Verses 1–4

Mercy to accept what we do well, and grace to keep us from doing ill, are the two things which we are here taught by David’s example to pray to God for.

I. David loved prayer, and he begs of God that his prayers might be heard and answered, Ps. 141:1, 2. David cried unto God. His crying denotes fervency in prayer; he prayed as one in earnest. His crying to God denotes faith and fixedness in prayer. And what did he desire as the success of his prayer? 1. That God would take cognizance of it: “Give ear to my voice; let me have a gracious audience.” Those that cry in prayer may hope to be heard in prayer, not for their loudness, but their liveliness. 2. That he would visit him upon it: Make haste unto me. Those that know how to value God’s gracious presence will be importunate for it and humbly impatient of delays. He that believes does not make haste, but he that prays may be earnest with God to make haste. 3. That he would be well pleased with him in it, well pleased with his praying and the lifting up of his hands in prayer, which denotes both the elevation and enlargement of his desire and the out-goings of his hope and expectation, the lifting up of the hand signifying the lifting up of the heart, and being used instead of lifting up the sacrifices which were heaved and waved before the Lord. Prayer is a spiritual sacrifice; it is the offering up of the soul, and its best affections, to God. Now he prays that this may be set forth and directed before God as the incense which was daily burnt upon the golden altar, and as the evening sacrifice, which he mentions rather than the morning sacrifice, perhaps because this was an evening prayer, or with an eye to Christ, who, in the evening of the world and in the evening of the day, was to offer up himself a sacrifice of atonement, and establish the spiritual sacrifices of acknowledgement, having abolished all the carnal ordinances of the law. Those that pray in faith may expect it will please God better than an ox or bullock. David was now banished from God’s court, and could not attend the sacrifice and incense, and therefore begs that his prayer might be instead of them. Note, Prayer is of a sweet-smelling savour to God, as incense, which yet has no savour without fire; nor has prayer without the fire of holy love and fervour.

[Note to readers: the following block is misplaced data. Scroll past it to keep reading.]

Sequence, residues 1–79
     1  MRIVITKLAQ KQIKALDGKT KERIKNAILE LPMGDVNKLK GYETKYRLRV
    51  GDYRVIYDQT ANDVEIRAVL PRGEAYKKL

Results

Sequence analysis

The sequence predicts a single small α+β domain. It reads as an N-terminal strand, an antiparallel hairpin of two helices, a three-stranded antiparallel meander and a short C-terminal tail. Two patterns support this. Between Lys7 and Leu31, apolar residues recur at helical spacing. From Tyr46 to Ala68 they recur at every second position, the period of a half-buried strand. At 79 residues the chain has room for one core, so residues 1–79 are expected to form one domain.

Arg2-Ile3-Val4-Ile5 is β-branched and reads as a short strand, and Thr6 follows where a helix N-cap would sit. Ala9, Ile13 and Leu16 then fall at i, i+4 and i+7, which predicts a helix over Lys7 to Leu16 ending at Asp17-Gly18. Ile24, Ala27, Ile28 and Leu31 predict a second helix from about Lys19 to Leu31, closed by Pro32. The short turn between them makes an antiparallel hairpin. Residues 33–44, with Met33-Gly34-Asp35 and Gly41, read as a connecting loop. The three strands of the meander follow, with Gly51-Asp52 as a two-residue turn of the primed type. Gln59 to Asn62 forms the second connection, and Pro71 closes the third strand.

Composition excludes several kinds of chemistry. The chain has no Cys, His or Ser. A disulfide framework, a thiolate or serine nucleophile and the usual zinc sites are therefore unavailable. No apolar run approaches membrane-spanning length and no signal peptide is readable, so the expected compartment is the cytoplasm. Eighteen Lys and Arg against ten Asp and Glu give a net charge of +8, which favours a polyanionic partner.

II. David was in fear of sin, and he begs of God that he might be kept from sin, knowing that his prayers would not be accepted unless he took care to watch against sin. We must be as earnest for God’s grace in us as for his favour towards us. 1. He prays that he might not be surprised into any sinful words (Ps. 141:3): “Set a watch, O Lord! before my mouth, and, nature having made my lips to be a door to my words, let grace keep that door, that no word may be suffered to go out which may in any way tend to the dishonour of God or the hurt of others.” Good men know the evil of tongue-sins, and how prone they are to them (when enemies are provoking we are in danger of carrying our resentment too far, and of speaking unadvisedly, as Moses did, though the meekest of men), and therefore they are earnest with God to prevent their speaking amiss, as knowing that no watchfulness or resolution of their own is sufficient for the governing of their tongues, much less of their hearts, without the special grace of God. We must keep our mouths as with a bridle; but that will not serve: we must pray to God to keep them. Nehemiah prayed to the Lord when he set a watch, and so must we, for without him the watchman walketh but in vain. 2. That he might not be inclined to any sinful practices (Ps. 141:4): “Incline not my heart to any evil thing; whatever inclination there is in me to sin, let it be not only restrained, but mortified, by divine grace.” The example of those about us, and the provocations of those against us, are apt to stir up and draw out corrupt inclinations. We are ready to do as others do, and to think that if we have received injuries we may return them; and therefore we have need to pray that we may never be left to ourselves to practise any wicked work, either in confederacy with or in opposition to the men that work iniquity. While we live in such an evil world, and carry about with us such evil hearts, we have need to pray that we may neither be drawn in by any allurement nor driven on by any provocation to do any sinful thing. 3. That he might not be ensnared by any sinful pleasures: “Let me not eat of their dainties. Let me not join with them in their feasts and sports, lest thereby I be inveigled into their sins.” Better is a dinner of herbs, out of the way of temptation, than a stalled ox in it. Sinners pretend to find dainties in sin. Stolen waters are sweet; forbidden fruit is pleasant to the eye. But those that consider how soon the dainties of sin will turn into wormwood and gall, how certainly it will, at last, bite like a serpent and sting like an adder, will dread those dainties, and pray to God by his providence to take them out of their sight, and by his grace to turn them against them. Good men will pray even against the sweets of sin.